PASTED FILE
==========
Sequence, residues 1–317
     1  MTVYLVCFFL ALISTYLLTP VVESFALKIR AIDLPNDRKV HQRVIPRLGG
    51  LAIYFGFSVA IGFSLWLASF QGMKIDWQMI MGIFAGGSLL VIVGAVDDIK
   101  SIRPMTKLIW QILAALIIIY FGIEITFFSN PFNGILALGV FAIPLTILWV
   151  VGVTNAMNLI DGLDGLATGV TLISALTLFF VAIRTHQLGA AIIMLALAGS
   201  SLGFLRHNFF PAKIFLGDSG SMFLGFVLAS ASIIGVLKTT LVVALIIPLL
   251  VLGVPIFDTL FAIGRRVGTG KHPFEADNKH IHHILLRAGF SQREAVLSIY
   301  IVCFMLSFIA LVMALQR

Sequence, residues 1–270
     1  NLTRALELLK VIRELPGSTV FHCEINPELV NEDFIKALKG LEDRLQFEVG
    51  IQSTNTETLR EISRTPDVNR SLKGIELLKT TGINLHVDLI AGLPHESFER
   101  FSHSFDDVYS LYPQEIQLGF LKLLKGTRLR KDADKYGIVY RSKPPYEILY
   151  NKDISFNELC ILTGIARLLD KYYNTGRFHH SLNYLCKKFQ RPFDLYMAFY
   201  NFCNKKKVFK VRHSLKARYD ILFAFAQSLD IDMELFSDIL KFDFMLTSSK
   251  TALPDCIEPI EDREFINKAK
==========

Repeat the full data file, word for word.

Sequence, residues 1–317
     1  MTVYLVCFFL ALISTYLLTP VVESFALKIR AIDLPNDRKV HQRVIPRLGG
    51  LAIYFGFSVA IGFSLWLASF QGMKIDWQMI MGIFAGGSLL VIVGAVDDIK
   101  SIRPMTKLIW QILAALIIIY FGIEITFFSN PFNGILALGV FAIPLTILWV
   151  VGVTNAMNLI DGLDGLATGV TLISALTLFF VAIRTHQLGA AIIMLALAGS
   201  SLGFLRHNFF PAKIFLGDSG SMFLGFVLAS ASIIGVLKTT LVVALIIPLL
   251  VLGVPIFDTL FAIGRRVGTG KHPFEADNKH IHHILLRAGF SQREAVLSIY
   301  IVCFMLSFIA LVMALQR

Sequence, residues 1–270
     1  NLTRALELLK VIRELPGSTV FHCEINPELV NEDFIKALKG LEDRLQFEVG
    51  IQSTNTETLR EISRTPDVNR SLKGIELLKT TGINLHVDLI AGLPHESFER
   101  FSHSFDDVYS LYPQEIQLGF LKLLKGTRLR KDADKYGIVY RSKPPYEILY
   151  NKDISFNELC ILTGIARLLD KYYNTGRFHH SLNYLCKKFQ RPFDLYMAFY
   201  NFCNKKKVFK VRHSLKARYD ILFAFAQSLD IDMELFSDIL KFDFMLTSSK
   251  TALPDCIEPI EDREFINKAK